“It’s as simple as asking us,” she says. “If it’s realistic for us to bring it in, we will.”

Toys and treats, for both dogs and cats, spotlight the unusual and the healthful with an emphasis on USA-made and locally sourced goodies. For instance, a locally sourced marrow bone, which has been smoked on a barbecue for 12 hours, is a sought-after goodie for the canine set.

“It adds crazy flavor and makes it harder for the dog to chew, so no pieces break off,” she says. “We do really well with treats.”

Decorated, USA-sourced-and-made bakery cookies are displayed on open trays, allowing customers to make their own selections. 

“We carry a lot of treats made in Pennsylvania,” Hepner says. “But we take it one step further and try to shake out independent manufacturers that actually source and make their product in Pennsylvania.”

These items are displayed in a special “Made in Pennsylvania” section.

“The more local, the better,” she says. “Our customers appreciate that.”

Cool Dog Gear customers are celebrated at the All About You event, which takes place in early November. Shoppers enjoy pre-season discounts, snacks, games, prizes and a good time. 

“It’s like a pre-Christmas party,” Hepner says.

The holiday spirit continues during Pet Night, where festive animal celebrants pose with St. Nick. 

“We keep the store open after the mall closes,” she says. “Our customers come in and dress their dog up for a photo with Santa.” 

People Make the Difference

Education is fundamental to the Cool Dog Gear experience, and staff members are considered resident experts.

“Education is huge,” she says. “Our customers are pretty comfortable with our staff and readily seek them out.”

An outgoing personality paired with a passion for pets are sought-after characteristics in an associate. New hires learn the ropes by shadowing more-experienced employees and studying the product mix.

“We go through all the information, let them digest it and then go through it again,” Hepner says. “It’s a lot to take in.”

Once product familiarity is acquired, staff members take part in scavenger hunts. A list of questions might send an associate to USA-made toys or to treats addressing specific benefits.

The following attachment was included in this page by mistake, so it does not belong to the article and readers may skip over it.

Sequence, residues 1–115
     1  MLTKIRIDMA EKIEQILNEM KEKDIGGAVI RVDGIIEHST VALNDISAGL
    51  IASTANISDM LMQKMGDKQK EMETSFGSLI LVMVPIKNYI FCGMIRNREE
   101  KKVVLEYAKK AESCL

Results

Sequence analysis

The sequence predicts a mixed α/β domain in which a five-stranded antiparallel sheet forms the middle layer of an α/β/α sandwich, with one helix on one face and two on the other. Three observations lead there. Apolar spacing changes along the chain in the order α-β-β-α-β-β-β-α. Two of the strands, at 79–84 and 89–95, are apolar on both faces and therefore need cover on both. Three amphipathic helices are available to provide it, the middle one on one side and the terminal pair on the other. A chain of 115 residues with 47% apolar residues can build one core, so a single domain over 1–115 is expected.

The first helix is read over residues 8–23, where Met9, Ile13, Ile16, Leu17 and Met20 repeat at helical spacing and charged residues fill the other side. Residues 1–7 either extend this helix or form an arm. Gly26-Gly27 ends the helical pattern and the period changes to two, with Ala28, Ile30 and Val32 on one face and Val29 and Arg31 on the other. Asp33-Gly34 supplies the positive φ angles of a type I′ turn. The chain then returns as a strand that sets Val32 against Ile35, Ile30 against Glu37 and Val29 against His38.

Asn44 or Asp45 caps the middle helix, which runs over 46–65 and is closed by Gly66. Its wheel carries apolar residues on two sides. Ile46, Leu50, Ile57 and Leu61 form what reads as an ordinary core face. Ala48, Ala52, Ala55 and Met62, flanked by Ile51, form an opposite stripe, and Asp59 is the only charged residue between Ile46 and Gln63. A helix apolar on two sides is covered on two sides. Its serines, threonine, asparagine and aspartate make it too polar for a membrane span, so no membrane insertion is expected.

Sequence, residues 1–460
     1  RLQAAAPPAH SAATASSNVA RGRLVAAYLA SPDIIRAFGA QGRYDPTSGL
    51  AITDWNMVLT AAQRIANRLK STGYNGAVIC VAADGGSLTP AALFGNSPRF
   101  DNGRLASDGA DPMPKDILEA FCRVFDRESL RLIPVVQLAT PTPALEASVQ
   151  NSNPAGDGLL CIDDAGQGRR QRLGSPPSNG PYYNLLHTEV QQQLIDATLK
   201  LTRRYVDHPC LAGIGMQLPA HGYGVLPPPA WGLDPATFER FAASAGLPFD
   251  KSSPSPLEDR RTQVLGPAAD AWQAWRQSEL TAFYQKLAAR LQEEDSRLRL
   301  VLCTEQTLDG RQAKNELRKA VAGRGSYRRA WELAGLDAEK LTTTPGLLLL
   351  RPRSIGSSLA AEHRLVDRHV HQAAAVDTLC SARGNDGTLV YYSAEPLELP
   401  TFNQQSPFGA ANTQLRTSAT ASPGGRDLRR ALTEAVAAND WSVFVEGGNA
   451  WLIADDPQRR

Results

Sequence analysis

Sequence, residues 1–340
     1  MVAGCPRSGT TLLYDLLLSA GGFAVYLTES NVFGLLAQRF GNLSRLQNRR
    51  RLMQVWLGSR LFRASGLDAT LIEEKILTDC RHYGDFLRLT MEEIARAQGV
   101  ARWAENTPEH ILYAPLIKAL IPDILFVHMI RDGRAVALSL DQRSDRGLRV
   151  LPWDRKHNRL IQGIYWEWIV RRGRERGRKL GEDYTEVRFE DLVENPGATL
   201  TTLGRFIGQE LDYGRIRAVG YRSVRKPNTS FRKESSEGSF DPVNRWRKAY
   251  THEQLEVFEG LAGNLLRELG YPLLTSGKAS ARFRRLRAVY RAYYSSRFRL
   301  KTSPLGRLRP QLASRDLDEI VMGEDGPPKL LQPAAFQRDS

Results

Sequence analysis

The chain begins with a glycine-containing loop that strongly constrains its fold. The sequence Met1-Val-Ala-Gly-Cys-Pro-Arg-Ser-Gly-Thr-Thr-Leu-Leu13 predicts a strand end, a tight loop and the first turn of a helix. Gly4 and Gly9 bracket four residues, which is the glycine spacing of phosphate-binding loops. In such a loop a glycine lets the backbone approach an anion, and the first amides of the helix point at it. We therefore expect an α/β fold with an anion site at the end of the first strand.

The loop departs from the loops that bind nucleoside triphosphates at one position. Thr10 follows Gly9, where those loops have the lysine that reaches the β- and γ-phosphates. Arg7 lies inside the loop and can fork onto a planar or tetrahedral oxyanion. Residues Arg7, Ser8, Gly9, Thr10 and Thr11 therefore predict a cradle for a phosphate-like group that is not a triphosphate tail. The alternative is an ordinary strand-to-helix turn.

“They go looking for a product and read the packaging to identify it and the light bulb goes off,” she says. “We want them to see it, touch it, feel it and be comfortable with it.”

Supporting pet rescue and adoption efforts is central to Cool Dog Gear’s philosophy.

“We help support several local pet rescues, as well as shelters down south where the rescues pull their pups,” she says. “Our mall locations make it a little difficult to host adoption days; however, we set up our tent at several rescue events, with a portion of the proceeds donated to the sponsoring rescue.”

In addition, gift certificates and raffle baskets are contributed to pet rescues, as well as organizations such as local schools, scouting troops, churches and area hospitals.

As a cancer survivor, aiding area hospitals is near and dear to Hepner’s heart. 

Cool Dog Gear participates in an annual sale held at Thomas Jefferson University hospital. Participating vendors set up booths, with a percentage of the proceeds tagged to support underfunded hospital programs.

“I did my treatments there, so it’s our chance to give back,” Hepner says. “We come together twice a year, in spring and before Thanksgiving.”

The sale also benefits the hospital’s canine therapy program. Besides funding, Cool Dog Gear provides tools and ideas to facilitate the dog’s role in patient care.

“For instance, a patient undergoing hand therapy might mix a batch of dog ice cream and then feed it to the therapy dog,” she says. “The power of having a dog involved is just amazing.”